The two aspects of automotive building that are nearly always at cross purposes with each other are the engineers and the accountants. The accountants have the job of figuring out how to save money during the production of the vehicles their company produces while the engineers are concerned with making vehicles operate better than ever. At some point during the process of building cars these two relatively unrelated professions must come to an agreement and make vehicles that bring advanced engineering aspects to the market while fitting into the budgets that are managed by the accountants.

There would be nothing the engineers at every car company would love more than to have an unlimited budget. The ability to completely redesign every single part of a vehicle would allow engineers to make vehicles that fit a multitude of purposes on the market and worked perfectly with every part being newly designed for that one specific vehicle. Unfortunately this isn’t exactly possible when it comes to the automotive industry. Most vehicles have to be built with some form of compromise in mind and need to adhere to the budget that’s presented by the accounting team.

There is one part that has been the dream part of many accounting teams over the past several decades. This part may be the nightmare of engineers, but it has been in more cars than nearly every other part of the cars on the road. This part is National Part Number 716102 and it’s the Seal, Rear Crank. This particular part has been present in many cars and because it was used for several years, it was easy for accounting teams to hold this part up as one of the most important parts in the car because it never needed to be redesigned.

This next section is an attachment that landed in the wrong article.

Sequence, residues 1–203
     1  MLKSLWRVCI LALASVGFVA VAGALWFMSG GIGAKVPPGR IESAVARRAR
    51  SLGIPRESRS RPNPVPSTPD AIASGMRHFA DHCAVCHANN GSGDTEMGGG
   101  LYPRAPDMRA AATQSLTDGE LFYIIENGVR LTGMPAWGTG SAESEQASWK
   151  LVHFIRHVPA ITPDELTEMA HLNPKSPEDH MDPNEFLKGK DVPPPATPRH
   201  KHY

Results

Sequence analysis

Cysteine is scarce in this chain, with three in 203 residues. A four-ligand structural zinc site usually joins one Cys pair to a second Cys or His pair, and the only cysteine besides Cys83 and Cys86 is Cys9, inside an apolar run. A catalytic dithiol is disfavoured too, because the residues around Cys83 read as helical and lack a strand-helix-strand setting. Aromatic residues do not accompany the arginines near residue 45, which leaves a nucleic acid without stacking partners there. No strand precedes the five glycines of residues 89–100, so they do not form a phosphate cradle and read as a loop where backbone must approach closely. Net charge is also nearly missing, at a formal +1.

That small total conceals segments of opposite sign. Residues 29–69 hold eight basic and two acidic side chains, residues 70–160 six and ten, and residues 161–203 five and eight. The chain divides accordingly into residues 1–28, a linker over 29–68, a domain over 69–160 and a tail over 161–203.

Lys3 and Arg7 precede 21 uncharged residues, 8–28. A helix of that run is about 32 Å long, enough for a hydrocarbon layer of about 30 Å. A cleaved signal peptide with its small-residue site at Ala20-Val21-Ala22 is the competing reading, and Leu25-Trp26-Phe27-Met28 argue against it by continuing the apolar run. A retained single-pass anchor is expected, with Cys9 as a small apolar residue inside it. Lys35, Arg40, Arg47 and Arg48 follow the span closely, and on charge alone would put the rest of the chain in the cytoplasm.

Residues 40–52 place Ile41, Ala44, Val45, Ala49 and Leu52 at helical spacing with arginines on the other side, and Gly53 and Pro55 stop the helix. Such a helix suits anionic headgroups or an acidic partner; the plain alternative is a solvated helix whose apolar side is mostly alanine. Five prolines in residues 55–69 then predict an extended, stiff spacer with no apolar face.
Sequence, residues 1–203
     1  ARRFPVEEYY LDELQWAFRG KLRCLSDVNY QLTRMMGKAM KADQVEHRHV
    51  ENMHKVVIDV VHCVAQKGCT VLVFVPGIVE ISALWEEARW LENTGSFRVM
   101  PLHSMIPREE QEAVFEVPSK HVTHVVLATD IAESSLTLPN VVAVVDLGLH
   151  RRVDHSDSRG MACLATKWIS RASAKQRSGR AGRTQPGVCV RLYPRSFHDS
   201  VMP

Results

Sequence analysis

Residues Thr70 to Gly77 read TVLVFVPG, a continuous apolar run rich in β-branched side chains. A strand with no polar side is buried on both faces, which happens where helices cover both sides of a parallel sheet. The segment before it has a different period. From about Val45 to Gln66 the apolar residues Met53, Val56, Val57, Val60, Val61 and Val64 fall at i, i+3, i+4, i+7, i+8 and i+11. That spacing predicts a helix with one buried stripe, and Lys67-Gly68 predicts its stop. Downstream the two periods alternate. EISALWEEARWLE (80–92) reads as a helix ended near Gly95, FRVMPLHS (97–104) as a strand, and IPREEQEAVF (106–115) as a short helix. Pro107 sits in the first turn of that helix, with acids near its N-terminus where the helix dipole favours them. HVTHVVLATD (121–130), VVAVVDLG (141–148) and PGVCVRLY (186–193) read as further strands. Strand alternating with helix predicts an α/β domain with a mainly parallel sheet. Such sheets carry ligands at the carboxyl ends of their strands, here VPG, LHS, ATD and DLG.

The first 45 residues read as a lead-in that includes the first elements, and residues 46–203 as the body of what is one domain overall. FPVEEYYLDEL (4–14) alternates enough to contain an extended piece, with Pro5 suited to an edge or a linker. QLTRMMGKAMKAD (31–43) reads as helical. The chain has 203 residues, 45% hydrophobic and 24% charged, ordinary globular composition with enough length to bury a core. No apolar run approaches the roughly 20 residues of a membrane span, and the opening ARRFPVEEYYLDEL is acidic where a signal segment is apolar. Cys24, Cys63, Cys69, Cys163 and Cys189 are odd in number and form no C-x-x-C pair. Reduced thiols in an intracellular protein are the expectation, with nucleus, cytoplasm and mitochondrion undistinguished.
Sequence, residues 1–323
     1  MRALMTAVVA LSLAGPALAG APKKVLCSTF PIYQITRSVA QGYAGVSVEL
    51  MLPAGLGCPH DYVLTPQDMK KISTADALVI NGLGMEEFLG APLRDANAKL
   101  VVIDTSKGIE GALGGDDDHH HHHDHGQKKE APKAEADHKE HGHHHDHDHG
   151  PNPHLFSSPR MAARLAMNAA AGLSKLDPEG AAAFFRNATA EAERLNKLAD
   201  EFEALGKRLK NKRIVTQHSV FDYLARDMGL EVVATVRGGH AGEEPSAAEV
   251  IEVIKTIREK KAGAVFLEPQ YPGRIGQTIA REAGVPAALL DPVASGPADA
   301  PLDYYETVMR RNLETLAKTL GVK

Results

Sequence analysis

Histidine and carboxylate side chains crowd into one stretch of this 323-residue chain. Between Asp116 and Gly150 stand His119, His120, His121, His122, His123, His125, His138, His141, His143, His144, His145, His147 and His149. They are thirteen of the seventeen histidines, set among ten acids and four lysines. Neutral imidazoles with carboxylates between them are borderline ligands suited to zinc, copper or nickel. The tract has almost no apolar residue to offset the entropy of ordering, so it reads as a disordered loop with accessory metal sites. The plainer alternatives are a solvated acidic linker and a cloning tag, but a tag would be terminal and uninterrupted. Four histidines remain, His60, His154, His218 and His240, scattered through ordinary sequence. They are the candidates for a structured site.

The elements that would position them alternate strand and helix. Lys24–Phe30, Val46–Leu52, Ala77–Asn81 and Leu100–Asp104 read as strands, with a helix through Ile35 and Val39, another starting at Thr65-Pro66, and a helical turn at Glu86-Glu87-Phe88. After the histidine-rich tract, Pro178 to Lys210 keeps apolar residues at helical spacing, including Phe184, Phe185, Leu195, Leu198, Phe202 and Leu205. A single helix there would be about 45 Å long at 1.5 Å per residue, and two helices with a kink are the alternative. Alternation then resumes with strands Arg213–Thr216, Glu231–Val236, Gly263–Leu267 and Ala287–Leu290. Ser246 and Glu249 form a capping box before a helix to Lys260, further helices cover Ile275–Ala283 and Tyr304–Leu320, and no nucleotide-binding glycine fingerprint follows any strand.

From the 1.7-liter four-cylinder engine of the Volkswagen Golf/Rabbit that burst on the scene forty-three years ago to the Bugatti Veyron this part made its way into cars around the industry and around the world. You could find this part in the Plymouth TC3 and the Dodge Omni 024 while also making its way into the Renault Alliance. This particular seal was in the Volvo 244 and 264 while also making the Alpine GTA its home. You probably have driven at least one car with this part installed in it over the history of your car enjoyment as this part has been around and in a multitude of vehicles.

Why was this part used so often? Most likely it was used because it fit easily and provided the right size and shape for the rear crank seal that was needed. This part has been around but it finally found its way out of the new vehicle market about ten years ago. New seals have been designed that are lighter, but this particular one was admired and used on a wide variety of great vehicles for many years. This part showed how engineering teams could work with accounting teams to have the right part that cost less and needed no redesign.

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